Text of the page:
The end of the civil war saw Sri Lanka make the biggest rise in the latest Global Peace Index (GPI) released in London today.
Sri Lanka leaped nearly 30 places to be ranked at number 103 out of 158 countries with a score of 2,145 on the index.
The Asia Pacific region’s overall score improved by the largest extent from last year and included three of the top five risers.
The 2012 GPI is the sixth edition of the world’s leading measure of global peacefulness. Produced by the Institute for Economics and Peace, the GPI ranks 158 nations using 23 qualitative and quantitative indicators which gauge ongoing domestic and international conflict, safety and security in society and militarization.
“Sri Lanka experienced the greatest improvement in its overall peacefulness following the ending of its civil war. Bhutan showed robust gains to enter the top 20 for the first time mainly as tensions eased surrounding ethnic-Nepali refugees. The Philippines also showed a robust rise across a number of indicators,” the Institute for Economics and Peace said.
The trend data also show a substantial gap in peacefulness between democracies and other government types.
Flawed democracies perform substantially better than hybrid and authoritarian regimes which suggest that measures of government repression, such as the ‘Political Terror Scale’ and the ‘Level of Internally Organised Conflict’, are close predictors of peacefulness.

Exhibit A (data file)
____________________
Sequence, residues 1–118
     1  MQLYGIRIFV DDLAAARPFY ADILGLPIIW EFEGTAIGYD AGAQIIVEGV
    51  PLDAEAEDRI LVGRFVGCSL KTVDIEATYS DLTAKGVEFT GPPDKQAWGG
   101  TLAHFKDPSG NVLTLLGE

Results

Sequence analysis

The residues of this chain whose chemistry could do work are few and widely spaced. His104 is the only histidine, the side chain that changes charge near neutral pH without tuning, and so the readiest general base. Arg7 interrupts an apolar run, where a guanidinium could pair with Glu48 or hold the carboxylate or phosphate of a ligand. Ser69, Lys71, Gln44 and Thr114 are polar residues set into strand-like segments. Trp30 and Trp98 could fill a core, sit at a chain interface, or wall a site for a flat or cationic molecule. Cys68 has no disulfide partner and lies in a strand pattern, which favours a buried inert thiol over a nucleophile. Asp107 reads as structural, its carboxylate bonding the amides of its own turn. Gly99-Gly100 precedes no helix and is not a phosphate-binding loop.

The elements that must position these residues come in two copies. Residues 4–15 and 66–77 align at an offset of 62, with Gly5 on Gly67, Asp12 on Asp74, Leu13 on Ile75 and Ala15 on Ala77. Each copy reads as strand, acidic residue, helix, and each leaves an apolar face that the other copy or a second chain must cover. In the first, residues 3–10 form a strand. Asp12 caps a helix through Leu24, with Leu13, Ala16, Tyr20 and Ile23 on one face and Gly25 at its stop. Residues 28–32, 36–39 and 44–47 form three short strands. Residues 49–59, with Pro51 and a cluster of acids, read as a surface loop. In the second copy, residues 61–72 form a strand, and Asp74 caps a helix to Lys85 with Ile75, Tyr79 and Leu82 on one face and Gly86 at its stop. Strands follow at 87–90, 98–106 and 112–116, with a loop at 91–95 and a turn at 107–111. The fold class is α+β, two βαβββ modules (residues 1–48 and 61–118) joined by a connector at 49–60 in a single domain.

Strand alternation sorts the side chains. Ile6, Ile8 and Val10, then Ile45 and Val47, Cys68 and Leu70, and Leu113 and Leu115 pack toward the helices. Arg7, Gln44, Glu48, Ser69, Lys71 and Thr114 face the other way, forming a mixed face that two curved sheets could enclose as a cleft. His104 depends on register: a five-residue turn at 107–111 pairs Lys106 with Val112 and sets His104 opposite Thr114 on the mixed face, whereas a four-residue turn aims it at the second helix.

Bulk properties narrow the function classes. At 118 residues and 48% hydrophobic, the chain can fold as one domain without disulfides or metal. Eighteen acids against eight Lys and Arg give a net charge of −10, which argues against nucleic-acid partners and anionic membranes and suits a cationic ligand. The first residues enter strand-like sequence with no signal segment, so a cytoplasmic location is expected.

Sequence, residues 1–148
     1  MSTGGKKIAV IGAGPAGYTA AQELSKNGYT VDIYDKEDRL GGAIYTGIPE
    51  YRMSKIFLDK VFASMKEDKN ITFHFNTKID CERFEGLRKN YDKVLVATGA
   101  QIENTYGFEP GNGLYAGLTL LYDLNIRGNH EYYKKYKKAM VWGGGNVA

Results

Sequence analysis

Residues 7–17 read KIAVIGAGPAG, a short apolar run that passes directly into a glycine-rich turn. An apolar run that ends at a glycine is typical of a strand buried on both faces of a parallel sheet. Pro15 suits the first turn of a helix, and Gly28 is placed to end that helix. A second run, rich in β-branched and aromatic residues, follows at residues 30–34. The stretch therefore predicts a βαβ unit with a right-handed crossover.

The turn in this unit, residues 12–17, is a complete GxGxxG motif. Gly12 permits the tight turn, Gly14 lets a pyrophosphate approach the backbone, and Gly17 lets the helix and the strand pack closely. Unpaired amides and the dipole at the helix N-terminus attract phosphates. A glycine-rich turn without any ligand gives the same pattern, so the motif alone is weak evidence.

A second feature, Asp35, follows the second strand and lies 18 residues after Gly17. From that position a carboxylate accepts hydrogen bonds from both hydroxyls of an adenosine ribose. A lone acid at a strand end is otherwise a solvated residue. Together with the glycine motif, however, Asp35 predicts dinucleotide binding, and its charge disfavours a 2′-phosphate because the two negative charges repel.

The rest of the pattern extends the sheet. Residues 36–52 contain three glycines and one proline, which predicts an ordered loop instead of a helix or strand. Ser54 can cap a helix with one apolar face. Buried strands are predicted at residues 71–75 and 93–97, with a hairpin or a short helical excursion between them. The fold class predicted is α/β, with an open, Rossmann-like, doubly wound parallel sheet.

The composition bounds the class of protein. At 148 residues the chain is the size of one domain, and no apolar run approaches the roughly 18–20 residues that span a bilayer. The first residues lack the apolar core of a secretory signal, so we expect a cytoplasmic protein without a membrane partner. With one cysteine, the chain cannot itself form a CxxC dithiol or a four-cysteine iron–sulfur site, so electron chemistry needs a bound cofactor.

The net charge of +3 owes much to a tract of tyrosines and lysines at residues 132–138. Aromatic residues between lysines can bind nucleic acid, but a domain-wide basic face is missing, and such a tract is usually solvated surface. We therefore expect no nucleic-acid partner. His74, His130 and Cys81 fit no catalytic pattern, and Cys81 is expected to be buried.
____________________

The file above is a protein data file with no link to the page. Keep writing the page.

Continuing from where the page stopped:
“What comes across dramatically in this year’s results and the six year trends is a shift in global priorities. Nations have become externally more peaceful as they compete through economic, rather than military means. The results for Sub Saharan Africa as a whole are particularly striking – regional wars have waned as the African Union strives to develop economic and political integration.” said Steve Killelea, founder and Executive Chairman of the IEP.
“Peacefulness has returned to approximately the levels seen in 2007, but while external measures of peacefulness have improved, there has been a rise in internal conflict. This is particularly noticeable in the rise in fatalities from terrorist acts which have more than trebled since 2003.” (Colombo Gazette)